PERI augmented experience

Digitalisation over generations

Autonomous construction site vehicles and the use of artificial intelligence and robots in construction are already changing the world of work and will have a significant role to play on construction sites in the future. Day-to-day life on the construction site is being turned on its head entirely as a result of technical, ecological and economic changes. Together with our colleague Karl Heinz Soukup, who has been driving digitalisation at PERI for 27 years, and his son Thomas, the next generation at PERI, we take a look at the technological developments on construction sites around the world and embark on a digital journey through time.

The construction site of yesterday, today and tomorrow

When television pictures appears in colour for the first time at the push of a button, thousands of viewers sat spellbound in front of their television sets – among them Karl Heinz Soukup.

“Suddenly seeing children’s TV characters in colour was a very powerful experience for me as a child. Television itself was a special thing for me back then, even though I only had three channels to choose from and the picture quality of the CRT TV was nothing like the high-resolution screens of today,” Karl Heinz Soukup recalls.

Only two years later, in 1969, Artur Schwörer founded the company PERI together with his wife Christl. Their goal was to make construction work more economical, faster and safer; something that the technological developments of the time played a decisive role in. For example, the Internet, which is released free of charge to the whole world in 1993 and also makes it much easier to obtain information and communicate in the construction industry.

While this development was unfolding, Karl Heinz Soukup started working for PERI after completing his studies in mechanical engineering, and produced the very first computer-generates formwork designs. At that time, the drawing board is far more popular with many Application engineers and the final drawings were mainly sent by fax. But Karl Heinz Soukup and his colleagues already recognised the added value of digitalisation at that time, even though the loading time on the computer then was still up to half an hour. For example, customers' change requests could be implemented more efficiently or offers can be created automatically. In addition, the department develops software, enabling customers to draw walls and slabs in 3D in order to define the amount of material required. This simplifies the work on the construction site enormously. In Karl Heinz Soukup’s view, this was a major step forward for the construction industry.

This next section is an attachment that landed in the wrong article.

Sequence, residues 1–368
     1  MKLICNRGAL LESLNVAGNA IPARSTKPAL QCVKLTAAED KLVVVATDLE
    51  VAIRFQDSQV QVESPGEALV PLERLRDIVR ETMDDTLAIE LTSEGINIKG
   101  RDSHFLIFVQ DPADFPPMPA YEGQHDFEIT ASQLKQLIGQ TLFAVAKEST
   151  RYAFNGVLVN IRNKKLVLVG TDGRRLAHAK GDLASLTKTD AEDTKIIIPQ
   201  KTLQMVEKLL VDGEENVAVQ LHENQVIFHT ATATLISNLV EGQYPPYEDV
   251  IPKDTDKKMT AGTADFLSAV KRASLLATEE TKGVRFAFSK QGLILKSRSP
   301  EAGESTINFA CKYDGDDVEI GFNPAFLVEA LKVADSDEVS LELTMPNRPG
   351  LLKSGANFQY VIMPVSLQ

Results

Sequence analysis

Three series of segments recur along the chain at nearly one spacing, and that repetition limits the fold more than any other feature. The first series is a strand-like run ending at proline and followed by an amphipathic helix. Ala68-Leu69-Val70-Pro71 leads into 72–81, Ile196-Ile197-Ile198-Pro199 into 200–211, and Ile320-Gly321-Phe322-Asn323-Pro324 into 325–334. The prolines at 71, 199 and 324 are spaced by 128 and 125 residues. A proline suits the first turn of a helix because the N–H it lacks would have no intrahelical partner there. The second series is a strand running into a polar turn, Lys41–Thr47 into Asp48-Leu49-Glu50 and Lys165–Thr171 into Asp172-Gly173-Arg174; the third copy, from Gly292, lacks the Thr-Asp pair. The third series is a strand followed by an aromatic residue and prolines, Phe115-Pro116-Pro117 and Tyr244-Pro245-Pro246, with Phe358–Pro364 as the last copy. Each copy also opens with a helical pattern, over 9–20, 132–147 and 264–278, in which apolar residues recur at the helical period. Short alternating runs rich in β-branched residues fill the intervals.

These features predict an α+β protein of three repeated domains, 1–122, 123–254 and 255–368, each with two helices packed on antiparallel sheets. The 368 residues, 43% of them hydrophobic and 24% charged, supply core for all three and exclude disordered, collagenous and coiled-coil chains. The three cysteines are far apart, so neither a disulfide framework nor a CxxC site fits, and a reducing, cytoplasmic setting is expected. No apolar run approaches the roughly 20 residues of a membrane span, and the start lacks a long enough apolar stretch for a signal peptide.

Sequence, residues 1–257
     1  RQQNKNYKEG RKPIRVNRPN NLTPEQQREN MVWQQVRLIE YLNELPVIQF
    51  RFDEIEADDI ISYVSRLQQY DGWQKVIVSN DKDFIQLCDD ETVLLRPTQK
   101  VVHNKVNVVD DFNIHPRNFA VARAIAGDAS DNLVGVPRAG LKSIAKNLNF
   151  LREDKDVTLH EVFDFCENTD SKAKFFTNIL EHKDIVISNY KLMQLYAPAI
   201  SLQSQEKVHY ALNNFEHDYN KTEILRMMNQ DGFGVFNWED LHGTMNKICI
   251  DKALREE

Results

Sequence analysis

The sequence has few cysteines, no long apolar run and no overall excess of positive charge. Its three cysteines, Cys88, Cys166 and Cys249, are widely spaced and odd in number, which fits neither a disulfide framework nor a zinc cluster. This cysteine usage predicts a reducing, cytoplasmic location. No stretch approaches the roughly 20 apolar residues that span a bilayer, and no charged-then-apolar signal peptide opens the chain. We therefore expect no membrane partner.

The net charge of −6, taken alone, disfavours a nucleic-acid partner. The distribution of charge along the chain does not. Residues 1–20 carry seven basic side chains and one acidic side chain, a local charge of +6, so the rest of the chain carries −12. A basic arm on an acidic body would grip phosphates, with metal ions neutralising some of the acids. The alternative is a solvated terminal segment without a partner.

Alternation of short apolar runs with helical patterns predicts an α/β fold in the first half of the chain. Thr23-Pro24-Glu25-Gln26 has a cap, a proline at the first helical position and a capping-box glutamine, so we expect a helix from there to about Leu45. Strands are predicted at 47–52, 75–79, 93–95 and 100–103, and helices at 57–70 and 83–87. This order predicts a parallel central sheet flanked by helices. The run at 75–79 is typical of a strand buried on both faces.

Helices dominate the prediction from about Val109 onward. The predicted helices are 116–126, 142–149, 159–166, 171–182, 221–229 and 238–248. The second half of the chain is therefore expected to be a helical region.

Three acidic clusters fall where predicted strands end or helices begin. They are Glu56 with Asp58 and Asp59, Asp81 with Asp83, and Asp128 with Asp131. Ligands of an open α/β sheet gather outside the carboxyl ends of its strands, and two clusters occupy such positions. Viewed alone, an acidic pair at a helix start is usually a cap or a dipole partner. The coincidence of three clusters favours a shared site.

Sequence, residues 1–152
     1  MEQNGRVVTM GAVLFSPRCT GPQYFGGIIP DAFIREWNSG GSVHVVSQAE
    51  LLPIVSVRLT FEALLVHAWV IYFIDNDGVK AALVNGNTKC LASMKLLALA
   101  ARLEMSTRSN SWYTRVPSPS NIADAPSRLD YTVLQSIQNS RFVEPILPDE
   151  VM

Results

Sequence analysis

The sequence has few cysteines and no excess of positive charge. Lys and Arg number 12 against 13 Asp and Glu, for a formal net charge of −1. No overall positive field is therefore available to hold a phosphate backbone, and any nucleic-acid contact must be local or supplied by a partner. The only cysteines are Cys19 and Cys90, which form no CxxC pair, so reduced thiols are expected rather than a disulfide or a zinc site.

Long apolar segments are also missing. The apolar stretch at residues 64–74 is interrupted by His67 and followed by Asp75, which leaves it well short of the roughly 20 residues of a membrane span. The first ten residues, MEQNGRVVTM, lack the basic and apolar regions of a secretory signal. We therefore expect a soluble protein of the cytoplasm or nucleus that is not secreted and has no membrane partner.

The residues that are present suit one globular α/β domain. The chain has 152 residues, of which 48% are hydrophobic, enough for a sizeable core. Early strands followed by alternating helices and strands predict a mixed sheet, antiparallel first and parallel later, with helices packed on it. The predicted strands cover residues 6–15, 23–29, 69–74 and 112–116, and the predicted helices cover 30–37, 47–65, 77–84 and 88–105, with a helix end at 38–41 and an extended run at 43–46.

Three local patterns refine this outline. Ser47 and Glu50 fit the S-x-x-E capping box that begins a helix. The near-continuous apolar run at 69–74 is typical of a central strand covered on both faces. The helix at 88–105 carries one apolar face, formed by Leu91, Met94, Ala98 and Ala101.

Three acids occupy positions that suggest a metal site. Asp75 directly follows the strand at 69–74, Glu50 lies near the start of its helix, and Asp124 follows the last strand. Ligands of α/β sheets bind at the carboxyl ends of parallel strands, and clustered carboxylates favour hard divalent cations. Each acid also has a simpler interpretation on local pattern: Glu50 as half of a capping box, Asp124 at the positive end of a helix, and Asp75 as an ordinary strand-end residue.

“In the 2000s, my team and I were involved in the further development of PERI CAD and other tools. We focused on pressing ahead with digitalisation in construction in order to meet the requirements of our customers and their construction projects. For us, it has never been about producing digital gimmicks, but about offering a real digital convenience and providing advice and support,” says Karl Heinz Soukup.

At the same time, the smartphone establishes itself as a popular means of communication. It is possible to have permanent access to the internet on your mobile phone, and to access digital content from anywhere at any time. Nowadays, it is impossible to imagine our lives without smartphones. They are also in constant use on the construction site. Specific apps can be used to create formwork and scaffolding plans intuitively, locate materials on the construction site, visualise project-specific 3D models and access relevant project data at any time and from any location. 

To keep pace with the times, PERI is constantly evolving in the digital sector. And now the next generation of the Soukup family is getting involved, too. Karl Heinz Soukup’s son, Thomas, completed his dual studies at PERI and now works as an IT specialist at the company.

“I would like PERI to remain open-minded when it comes to new technologies and to help shape digital development. Of course, it is also a matter of aligning oneself with the market and focusing on the wishes of the customers. Thanks to digitalisation and possibly also with the use of artificial intelligence, I foresee new opportunities for innovative, creative, and sustainable work processes in the construction sector,” says Thomas Soukup.

PERI is already addressing the question of how the use of AI-based helpers can make everyday construction site work easier. The knowledge that experienced foremen have of construction work and their ability to record this digitally could further improve the digital planning process and associated workflows in the future – an aspect that is becoming increasingly important given the shortage of skilled workers.

Laser Scanning Reality Capturing
Asset Tracking Local App
PERI path

Then and now

From the drawing board to computer planning

  • Planning on the Drawing board
    Drawing board
    Planning on the Drawing board
  • Planning on the computer
    Planning on the computer
Photo Karl-Heinz + Thomas Soukup
Photo Karl-Heinz + Thomas Soukup
Karl Heinz Soukup and Thomas Soukup
And even though PERI already offers a wide range of digital solutions, we are always looking ahead to the next stage of development. Digitalisation can only work if you cooperate closely with the people who will be using these tools in the future. We can only make a lasting difference to the future of construction if we work together.
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